Here in the Bunker, my life in Singapore is receding as a very distant and faded memory like a strange dream that evaporates in the light of day. The Bunker is my home again, where I can carve out a sense of order & production & communication. The Bunker is a space for the interior dialogue, connected to everything & everyone & everywhere: all the voices that hover around and infiltrate this space of refuge.
Across the distances, online conversation overcomes the limitations of space, time, the local and the remote. This is the aspiration of the Art of the Networked Practice Online Symposium: how to bring people together in creative dialogue via the network driven by purpose, activated by play, and informed by issues that percolate up from the need to understand and grasp the networked culture we immerse ourselves in each and every day.
In the age of super-participatory socially mediated sharing of information, we are willingly, lovingly, sometimes desperately ready to give up our data to Big Data in order to engage with friends, colleagues, and family. But perhaps more pertinently, this form of super-participation may spring from the desire of “being in the world,” to gain proof of one’s existence, to receive affirmation, acceptance, and recognition from others.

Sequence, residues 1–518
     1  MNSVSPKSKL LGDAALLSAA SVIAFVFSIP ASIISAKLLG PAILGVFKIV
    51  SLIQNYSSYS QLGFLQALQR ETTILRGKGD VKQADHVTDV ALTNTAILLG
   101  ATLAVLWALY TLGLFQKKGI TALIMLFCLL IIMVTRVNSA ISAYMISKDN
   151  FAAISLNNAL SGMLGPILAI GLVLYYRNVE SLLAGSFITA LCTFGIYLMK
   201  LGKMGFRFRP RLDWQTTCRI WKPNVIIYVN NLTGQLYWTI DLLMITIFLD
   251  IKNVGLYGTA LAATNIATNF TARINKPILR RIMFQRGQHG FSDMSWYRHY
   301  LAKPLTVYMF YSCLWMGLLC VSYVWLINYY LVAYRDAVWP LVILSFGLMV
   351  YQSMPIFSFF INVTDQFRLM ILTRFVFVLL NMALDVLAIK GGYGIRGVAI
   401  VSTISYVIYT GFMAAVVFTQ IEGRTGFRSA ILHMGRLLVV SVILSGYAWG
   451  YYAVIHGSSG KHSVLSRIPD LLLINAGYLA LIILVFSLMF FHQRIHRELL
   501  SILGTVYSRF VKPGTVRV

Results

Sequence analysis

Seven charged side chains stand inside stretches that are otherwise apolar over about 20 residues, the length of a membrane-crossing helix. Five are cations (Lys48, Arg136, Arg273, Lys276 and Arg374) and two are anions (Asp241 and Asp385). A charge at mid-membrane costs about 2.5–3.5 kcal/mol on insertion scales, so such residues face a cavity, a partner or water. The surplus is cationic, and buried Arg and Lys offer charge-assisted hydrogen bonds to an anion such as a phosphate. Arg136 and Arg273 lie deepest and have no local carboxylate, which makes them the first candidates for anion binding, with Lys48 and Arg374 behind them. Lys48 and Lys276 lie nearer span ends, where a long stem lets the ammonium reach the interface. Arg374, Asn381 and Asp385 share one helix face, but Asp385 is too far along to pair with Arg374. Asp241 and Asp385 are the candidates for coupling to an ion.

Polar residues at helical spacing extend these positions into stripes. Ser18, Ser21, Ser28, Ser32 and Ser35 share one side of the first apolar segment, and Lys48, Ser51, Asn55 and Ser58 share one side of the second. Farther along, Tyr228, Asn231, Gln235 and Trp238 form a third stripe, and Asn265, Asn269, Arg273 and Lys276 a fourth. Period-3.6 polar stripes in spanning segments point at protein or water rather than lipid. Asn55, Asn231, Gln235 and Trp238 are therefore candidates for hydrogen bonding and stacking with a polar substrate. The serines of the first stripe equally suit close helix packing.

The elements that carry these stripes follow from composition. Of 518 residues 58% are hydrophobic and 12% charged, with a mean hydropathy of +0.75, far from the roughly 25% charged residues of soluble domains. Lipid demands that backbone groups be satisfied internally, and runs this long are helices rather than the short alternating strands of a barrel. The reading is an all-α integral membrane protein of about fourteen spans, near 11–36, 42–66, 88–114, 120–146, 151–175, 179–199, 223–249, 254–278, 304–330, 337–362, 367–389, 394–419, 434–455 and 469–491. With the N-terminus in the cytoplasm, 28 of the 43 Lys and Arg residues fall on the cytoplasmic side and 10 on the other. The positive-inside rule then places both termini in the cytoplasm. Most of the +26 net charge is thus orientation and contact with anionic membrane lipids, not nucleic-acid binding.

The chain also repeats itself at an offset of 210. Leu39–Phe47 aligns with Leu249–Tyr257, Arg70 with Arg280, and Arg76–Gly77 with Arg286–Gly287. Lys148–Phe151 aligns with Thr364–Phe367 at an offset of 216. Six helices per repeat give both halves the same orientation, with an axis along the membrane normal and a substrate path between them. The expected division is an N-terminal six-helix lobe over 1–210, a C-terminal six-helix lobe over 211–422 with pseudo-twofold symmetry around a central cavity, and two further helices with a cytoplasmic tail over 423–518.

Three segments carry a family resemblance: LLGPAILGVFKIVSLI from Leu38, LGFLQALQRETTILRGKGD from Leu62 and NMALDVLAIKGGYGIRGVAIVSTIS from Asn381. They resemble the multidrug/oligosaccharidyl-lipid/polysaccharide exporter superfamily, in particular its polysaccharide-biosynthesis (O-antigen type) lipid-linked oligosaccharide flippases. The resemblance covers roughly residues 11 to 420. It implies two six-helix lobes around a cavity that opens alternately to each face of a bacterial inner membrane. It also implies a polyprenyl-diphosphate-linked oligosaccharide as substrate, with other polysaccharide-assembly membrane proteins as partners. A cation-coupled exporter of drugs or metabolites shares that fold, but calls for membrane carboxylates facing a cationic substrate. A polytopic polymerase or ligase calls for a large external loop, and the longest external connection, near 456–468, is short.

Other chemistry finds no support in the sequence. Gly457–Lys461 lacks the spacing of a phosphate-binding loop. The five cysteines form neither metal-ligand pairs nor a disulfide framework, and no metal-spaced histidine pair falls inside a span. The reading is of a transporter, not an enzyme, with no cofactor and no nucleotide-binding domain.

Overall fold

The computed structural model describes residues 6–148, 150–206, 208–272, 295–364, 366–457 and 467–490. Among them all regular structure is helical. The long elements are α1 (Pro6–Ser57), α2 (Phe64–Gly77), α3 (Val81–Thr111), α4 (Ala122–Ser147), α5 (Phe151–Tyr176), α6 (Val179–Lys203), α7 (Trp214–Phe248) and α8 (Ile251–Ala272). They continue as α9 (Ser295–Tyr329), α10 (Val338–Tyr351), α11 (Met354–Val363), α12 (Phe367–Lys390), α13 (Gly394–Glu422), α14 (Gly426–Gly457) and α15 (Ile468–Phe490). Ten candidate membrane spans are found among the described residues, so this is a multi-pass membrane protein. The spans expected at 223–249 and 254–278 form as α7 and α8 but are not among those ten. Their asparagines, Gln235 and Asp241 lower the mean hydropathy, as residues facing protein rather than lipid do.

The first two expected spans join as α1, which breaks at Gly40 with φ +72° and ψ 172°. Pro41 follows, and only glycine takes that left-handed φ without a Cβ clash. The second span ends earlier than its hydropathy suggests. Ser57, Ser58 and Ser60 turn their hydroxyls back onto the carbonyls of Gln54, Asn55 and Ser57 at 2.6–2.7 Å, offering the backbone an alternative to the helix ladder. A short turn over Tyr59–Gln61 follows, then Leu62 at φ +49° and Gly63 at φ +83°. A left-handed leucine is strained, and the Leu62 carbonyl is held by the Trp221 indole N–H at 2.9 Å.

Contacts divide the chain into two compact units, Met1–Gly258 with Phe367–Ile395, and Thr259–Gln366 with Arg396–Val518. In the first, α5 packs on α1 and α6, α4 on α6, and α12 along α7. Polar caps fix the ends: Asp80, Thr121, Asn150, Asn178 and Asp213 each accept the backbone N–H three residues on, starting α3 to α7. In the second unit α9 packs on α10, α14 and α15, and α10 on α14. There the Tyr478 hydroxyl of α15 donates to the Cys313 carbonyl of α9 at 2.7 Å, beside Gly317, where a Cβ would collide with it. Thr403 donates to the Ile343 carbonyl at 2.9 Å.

“Watching television, the most powerful everyday experience of surreality ever devised, was formative of the cultural outlook of anyone growing up in America in the fifties and sixties. With its endless sequence of splicings of commercials and programs and channel switchings, television was and is the ultimate exquisite corpse, a juxtaposition engine that produces a completely weird artifact at any given watching.” – Michael Sorkin, Sex, Drugs, Rock and Roll, Cars, Dolphins, & Architecture, Ant Farm (1968-78)
This is why so many of us who grew watching too much television ended up as tele-visual, post-surrealists, dreaming in endless juxtapositions of spectacle & news & war & cartoons & variety sitcoms. It was all pretty much razzle-dazzle for the mind’s eye, a numbing effect brought on by the extrusion of electronic signals that flowed out of the box cheerfully and endlessly.
If democracy depends on the free flow of information, it’s no wonder the over abundance of 24/7 media-on-tap has blown out the people’s ability to analyze and comprehend the fury that circulates through the nervous system of global communications.
If you are wondering how TRUMP maintains a position of power in light of his post-apocalyptic mythical Valhalla awash in daily scandal and eternal flames, the answer is simple: there is an information war waging furiously between opposing ideologies, each feeding into its own bubble. On the left, you have pundits such as MSNBC’s Rachel Maddow or Chris Matthews dissecting the legal ramifications of Robert Mueller’s eventual take down of the TRUMP family operation; and on the right, you have the conspiratorialist Alex Jones’ InfoWars or hot-headed FoxNews host Sean Hannity issuing what is truly – fake news – painting the Justice Department and the FBI as a coup d’etat initiated by a TRUMP-hating, Clinton-loving rigged system: that is, what Steve Bannon refers to as the “deep administrative state.”